An hour of work & GDP productivity

Infographic: How Productive is an Hour of Work? | Statista

From those wonderful data dogs, Statista.

What is it about Ireland? They seem to be head/shoulders more productive than the rest … all those EU countries with better social services and progressive (per US standards) governments, seem to be doing better than USA.

Osprey child left the nest

Literally …

On a highly trafficed bike path along our city-splitting river, is a wonderful Osprey nest. This is the second year I have watched the cycle … and as of yesterday, this year’s little one was gone from the nest … but circling not far away.

End of the summer nest … and if you look down below, the area is scattered with white paste

A couple of weeks ago, the little one was exercising

Afterward, one of the parents dropped in for some coaching

Collaboration – Lens #2

A recent post described a competitive lens on this data

Infographic: The State Of Global Renewable Energy Employment | Statista

The collaborative lens would ask …

  • what is China doing that the rest of us should copy?
  • what can we do to help others increase their renewable energy employment?
  • what are the constraints keeping employment less in some countries?
  • what are the strongest forces in all countries to grow employment in this field?

The gist of the discussion becomes how to increase EVERYBODY rather than find winners and losers. Learn and share to the benefit of all. … how strange, right?

Compete or stifle competition? – Lens #1

Update: I reflected on this post and find it overly filtered thru a win / lose lens, and there are other lens that can be used (like that fancy tool in the eye doctor’s office). There will be a second post shortly on same data but from a cooperative lens – Lens #2.

If you have confidence in your strategy and resources, then competing is best. It does not have to be a kill or be killed, but I think best to when all are focused on engagement and competition to derive the best outputs.

A recent view from Statista suggests that China is winning in the transition to renewable energy. I strongly believe that this will be a key predictor of the leader in the next 10-20 years.

https://www.statista.com/chart/18775/employees-in-the-renewable-energy-sector-by-country/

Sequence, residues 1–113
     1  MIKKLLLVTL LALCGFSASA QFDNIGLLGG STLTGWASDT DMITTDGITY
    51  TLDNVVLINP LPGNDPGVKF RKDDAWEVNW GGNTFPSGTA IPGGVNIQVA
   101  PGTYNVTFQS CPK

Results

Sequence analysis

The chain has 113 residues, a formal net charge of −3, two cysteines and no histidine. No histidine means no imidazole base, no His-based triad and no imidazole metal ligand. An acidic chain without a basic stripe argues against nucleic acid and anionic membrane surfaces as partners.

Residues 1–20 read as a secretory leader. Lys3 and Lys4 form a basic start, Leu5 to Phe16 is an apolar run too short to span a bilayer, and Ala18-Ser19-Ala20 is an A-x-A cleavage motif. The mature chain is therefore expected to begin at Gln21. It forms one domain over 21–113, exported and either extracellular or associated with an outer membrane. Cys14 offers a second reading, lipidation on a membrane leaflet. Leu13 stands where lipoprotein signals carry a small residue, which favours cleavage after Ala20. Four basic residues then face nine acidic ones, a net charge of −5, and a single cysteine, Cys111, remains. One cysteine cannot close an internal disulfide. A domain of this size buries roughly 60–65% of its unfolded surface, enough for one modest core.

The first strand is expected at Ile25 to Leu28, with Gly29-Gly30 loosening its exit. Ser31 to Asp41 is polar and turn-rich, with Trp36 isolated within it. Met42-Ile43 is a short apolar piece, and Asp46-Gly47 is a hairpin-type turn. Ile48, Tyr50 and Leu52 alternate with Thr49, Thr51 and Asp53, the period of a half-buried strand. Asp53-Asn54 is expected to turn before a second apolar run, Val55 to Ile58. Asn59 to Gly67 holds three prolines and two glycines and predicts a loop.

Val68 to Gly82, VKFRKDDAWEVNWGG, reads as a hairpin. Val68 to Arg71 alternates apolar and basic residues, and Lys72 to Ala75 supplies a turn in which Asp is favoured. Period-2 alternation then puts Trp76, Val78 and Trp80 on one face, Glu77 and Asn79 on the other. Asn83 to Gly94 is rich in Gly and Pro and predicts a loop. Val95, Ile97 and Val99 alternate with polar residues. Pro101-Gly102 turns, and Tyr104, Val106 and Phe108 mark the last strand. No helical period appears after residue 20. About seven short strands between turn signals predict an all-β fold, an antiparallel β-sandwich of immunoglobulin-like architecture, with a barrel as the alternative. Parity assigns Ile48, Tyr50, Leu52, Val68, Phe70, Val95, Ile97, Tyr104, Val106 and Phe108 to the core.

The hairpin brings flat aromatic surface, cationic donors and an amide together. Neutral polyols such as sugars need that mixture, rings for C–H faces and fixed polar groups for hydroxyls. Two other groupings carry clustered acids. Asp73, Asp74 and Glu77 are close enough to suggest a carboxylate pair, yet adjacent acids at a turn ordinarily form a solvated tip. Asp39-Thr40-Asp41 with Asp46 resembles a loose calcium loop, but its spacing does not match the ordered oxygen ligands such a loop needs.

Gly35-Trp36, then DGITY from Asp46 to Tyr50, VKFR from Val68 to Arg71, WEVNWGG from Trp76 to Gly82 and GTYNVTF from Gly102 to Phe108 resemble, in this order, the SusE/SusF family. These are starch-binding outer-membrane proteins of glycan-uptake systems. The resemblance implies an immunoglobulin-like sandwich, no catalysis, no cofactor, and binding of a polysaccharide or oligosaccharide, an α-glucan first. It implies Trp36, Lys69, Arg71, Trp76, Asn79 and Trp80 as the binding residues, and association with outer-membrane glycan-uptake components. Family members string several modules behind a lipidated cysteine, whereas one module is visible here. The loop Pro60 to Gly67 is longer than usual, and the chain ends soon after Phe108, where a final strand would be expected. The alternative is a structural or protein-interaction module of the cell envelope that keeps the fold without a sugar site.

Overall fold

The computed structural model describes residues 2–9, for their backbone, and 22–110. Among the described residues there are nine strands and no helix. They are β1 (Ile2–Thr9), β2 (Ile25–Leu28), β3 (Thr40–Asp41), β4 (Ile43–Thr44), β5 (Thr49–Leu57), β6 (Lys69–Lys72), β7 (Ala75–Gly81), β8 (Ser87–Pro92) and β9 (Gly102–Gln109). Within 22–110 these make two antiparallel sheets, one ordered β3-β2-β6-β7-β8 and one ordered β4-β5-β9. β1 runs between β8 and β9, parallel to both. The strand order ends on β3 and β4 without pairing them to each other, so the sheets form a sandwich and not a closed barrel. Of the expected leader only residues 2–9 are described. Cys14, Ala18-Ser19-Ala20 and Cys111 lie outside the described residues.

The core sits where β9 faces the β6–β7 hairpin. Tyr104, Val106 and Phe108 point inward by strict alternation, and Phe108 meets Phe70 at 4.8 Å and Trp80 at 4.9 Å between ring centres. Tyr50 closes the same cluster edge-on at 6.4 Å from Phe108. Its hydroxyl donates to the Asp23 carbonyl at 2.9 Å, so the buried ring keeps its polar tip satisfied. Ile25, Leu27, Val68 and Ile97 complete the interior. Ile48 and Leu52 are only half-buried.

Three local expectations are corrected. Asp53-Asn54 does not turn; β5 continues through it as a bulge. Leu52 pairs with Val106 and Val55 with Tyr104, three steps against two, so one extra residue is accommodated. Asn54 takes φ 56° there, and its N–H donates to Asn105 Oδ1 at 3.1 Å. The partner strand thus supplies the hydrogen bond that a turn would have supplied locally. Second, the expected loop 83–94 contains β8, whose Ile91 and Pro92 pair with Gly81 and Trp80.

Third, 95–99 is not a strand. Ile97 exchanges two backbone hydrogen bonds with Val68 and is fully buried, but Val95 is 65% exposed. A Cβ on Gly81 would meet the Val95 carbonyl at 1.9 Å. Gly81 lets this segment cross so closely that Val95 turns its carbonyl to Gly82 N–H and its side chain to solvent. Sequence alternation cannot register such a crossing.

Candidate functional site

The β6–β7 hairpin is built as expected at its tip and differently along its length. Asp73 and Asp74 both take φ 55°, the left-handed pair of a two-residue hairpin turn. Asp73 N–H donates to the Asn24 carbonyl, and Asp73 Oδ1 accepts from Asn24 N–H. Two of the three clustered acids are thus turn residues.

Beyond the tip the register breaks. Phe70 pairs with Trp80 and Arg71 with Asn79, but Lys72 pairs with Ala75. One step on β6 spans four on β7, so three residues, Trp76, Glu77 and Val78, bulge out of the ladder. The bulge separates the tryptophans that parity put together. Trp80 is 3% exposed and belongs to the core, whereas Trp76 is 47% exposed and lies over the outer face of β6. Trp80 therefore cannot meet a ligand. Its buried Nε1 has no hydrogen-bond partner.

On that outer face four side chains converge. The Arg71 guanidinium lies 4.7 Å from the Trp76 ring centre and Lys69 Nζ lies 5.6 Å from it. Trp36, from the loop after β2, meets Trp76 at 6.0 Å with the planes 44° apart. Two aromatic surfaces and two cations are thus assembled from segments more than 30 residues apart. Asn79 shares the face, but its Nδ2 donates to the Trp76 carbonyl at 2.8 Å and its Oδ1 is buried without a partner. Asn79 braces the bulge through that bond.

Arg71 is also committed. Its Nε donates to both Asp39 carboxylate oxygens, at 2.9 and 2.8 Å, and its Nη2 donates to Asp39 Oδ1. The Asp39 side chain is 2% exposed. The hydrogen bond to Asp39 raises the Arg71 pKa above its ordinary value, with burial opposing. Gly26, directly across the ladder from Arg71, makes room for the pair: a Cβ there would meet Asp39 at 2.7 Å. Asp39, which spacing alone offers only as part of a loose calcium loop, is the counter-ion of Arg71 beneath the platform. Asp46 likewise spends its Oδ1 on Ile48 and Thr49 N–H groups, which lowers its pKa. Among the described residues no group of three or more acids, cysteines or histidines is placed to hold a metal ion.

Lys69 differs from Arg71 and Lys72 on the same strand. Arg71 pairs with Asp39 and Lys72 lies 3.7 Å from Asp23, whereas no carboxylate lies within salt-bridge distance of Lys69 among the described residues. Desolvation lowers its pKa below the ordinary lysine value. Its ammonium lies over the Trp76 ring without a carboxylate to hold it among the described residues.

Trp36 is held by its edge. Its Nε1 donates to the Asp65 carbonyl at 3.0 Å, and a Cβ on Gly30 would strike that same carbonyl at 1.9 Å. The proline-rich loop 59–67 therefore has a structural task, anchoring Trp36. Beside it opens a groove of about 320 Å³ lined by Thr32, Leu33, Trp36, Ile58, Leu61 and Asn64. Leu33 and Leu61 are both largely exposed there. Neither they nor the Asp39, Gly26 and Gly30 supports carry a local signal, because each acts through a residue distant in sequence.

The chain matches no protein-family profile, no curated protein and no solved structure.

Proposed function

Infographic: The State Of Global Renewable Energy Employment | Statista

Cities, rivers, waste treatment plants and recreation

An odd view to a story of two towns (about 200k people together) unfolded this week. One town sits up-river from the other … both release their water treatment outputs to the river. There is a wonderful bike/walk trail all around the down-river side … and a wonderful beach where people come to play

This is down-river from BOTH treatment plants and is about 100 yards from the largest of the two treatment plants – probably the least safe water of the entire up-stream river to its source. But, this is where people want to come to play … odd

EV and metals mining

Not enough is being printed, said, discussed or integrated into public policy on the potentially unintended consequences of EV mobility. Bloomberg published an article last month on impact to Chile’s Atacama area.

With all innovation, it’s the unintended consequences that bit us in the rear … sadly.

White Trash, by Nancy Isenberg

White Trash – The 400 Year Untold Story of Class in America is an important book in today’s environment. The book can be hard to read at times as it leans toward academic prose and style. The ideas and history are critical to learn nonetheless and I found it worth the effort required by the prose. For me, this was in the impact genre of Zinn’s A People’s History – though Trash is much narrower in scope.

Three things really strike me as i look back over my reading. 1. Colonization could have been as much about cultural cleansing (sending the undesirable as far away as possible) as it was about rape and pillage; 2. Different colonies in the south began with opposing views on slavery; 3. Class manipulation (pitching one class, especially the poor white class, against another more lowly class) is as alive today as it was in any other time of our history.

A few quotes:

“When you turn an election into a three-ring circus, there’s always a chance that the dancing bear will win.” 

“We know, for instance, that Americans have forcefully resisted extending the right to vote; those in power have disenfranchised blacks, women, and the poor in myriad ways. We know, too, that women historically have had fewer civil protections than corporations. Instead of a thoroughgoing democracy, Americans have settled for democratic stagecraft: high-sounding rhetoric, magnified, and political leaders dressing down at barbecues or heading out to hunt game.” 

“If this book accomplishes anything it will be to have exposed a number of myths about the American dream, to have disabused readers of the notion that upward mobility is a function of the founders’ ingenious plan, or that Jacksonian democracy was liberating, or that the Confederacy was about states’ rights rather than preserving class and racial distinctions.” 

A climate reason behind ‘why not’

Looking at different new investments, an industrial REIT surfaced from my value screens … I am not a huge fan of economic cycle REITs at this point, but the valuation was interesting – MNR

I was primarily interested in a preferred stock MNR/PR/C. But … after looking at their financials and business model a bit closer, this graphic struck me

They have a sizable property distribution on the eastern US seaboard … if i am looking at a 10 yr investment, do i really want to purchase hard physical assets that are on the coast? NO! Climate change risk was a big factor in walking away from this investment.